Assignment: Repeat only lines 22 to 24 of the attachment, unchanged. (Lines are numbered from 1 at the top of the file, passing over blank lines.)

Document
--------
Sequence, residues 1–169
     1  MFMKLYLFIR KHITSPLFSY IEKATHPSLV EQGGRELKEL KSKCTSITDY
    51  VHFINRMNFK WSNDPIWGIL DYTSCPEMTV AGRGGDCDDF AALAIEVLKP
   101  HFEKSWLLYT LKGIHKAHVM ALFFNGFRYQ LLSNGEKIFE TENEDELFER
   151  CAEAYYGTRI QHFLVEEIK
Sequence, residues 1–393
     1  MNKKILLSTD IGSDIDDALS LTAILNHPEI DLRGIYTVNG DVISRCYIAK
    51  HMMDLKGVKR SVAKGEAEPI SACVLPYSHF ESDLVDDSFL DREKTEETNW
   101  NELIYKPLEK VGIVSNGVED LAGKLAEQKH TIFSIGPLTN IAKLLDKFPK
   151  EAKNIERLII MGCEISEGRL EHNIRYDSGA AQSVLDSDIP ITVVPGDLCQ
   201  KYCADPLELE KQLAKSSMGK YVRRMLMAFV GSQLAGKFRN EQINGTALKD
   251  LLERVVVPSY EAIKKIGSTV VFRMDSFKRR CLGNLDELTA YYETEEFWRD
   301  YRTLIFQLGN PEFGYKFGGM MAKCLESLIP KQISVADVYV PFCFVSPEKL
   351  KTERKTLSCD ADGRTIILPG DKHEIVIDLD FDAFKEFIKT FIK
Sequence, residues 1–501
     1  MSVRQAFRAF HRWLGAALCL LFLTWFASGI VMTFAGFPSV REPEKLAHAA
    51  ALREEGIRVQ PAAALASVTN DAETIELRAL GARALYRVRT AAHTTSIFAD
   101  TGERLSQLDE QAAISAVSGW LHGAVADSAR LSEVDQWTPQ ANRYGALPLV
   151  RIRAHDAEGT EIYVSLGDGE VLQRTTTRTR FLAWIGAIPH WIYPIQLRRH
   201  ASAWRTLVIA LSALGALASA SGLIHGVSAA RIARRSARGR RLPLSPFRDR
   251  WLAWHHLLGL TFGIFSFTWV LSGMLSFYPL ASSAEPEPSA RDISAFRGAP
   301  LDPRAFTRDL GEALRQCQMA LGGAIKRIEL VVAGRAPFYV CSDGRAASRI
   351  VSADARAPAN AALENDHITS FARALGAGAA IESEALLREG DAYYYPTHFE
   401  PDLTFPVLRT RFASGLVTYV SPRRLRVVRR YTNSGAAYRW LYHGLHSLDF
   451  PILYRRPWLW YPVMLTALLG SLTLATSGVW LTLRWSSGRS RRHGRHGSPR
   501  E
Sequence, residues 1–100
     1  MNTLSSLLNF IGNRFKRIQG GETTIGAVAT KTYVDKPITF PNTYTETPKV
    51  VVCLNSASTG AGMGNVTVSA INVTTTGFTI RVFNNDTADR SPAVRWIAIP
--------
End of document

   301  LDPRAFTRDL GEALRQCQMA LGGAIKRIEL VVAGRAPFYV CSDGRAASRI
   351  VSADARAPAN AALENDHITS FARALGAGAA IESEALLREG DAYYYPTHFE
   401  PDLTFPVLRT RFASGLVTYV SPRRLRVVRR YTNSGAAYRW LYHGLHSLDF